No, Android doesn't "get severe viruses" or malware much; it's Linux based, and is generally quite secure from being exploited even if a user does manage to install a malicious app. And while it is possible to get it from a website that uses an exploit on a mobile browser, it is extraordinarily improbable. Most likely the AV is reporting non-malware like tracking cookies as "threats".
AV companies define "threats" extremely broadly, in order to keep users paranoid and buying their software. One of the ways they do this is to include things like tracking cookies and the like, which aren't technically malware. This is probably what your AV is "detecting", as website drive-by malware infection on Android is hugely unlikely. AV for the average user is useless on Android (and worse, slows down your phone); AV providers prey on user ignorance and fear from the fact that Windows requires AV (which most users have had drilled into them by now) to sell their products for Android.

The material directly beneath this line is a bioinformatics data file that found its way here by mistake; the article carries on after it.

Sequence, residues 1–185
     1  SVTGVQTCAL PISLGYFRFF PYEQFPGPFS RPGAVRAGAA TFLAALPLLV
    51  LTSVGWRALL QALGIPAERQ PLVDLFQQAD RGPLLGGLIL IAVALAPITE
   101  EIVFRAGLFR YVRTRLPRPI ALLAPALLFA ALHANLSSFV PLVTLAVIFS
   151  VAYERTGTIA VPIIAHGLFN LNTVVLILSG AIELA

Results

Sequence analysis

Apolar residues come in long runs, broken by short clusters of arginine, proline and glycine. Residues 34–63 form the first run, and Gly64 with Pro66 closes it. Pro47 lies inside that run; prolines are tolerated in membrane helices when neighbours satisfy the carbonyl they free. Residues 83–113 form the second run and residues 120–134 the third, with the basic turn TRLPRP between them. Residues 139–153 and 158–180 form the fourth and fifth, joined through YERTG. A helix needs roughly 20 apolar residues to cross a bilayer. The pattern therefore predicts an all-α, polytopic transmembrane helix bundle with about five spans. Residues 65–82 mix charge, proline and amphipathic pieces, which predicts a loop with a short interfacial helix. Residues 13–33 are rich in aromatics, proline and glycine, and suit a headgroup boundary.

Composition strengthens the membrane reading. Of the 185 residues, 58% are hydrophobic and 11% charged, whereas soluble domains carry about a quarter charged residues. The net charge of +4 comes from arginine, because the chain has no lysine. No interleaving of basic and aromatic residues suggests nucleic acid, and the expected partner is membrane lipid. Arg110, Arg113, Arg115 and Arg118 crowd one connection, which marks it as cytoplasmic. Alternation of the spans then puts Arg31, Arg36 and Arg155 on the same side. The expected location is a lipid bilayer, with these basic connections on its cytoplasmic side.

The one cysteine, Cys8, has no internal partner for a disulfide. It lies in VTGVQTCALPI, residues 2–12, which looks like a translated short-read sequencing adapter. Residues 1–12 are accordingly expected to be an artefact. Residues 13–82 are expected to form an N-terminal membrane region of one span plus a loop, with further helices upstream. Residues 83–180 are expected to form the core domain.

The most likely scenario for getting malware is installing an app from someplace other than Play (sideloading), followed by being incautious when installing a Play app and not bothering to check the permissions an app is asking for (even then, extremely unlikely that it could do much other than send some of your personal info to a server for marketers to buy, or use up your bandwidth to pop up ads).
Many malicious websites will start automatic downloads, in the hopes that you'll be foolish enough to run whatever is being downloaded. So long as you don't install whatever it is, there isn't a problem.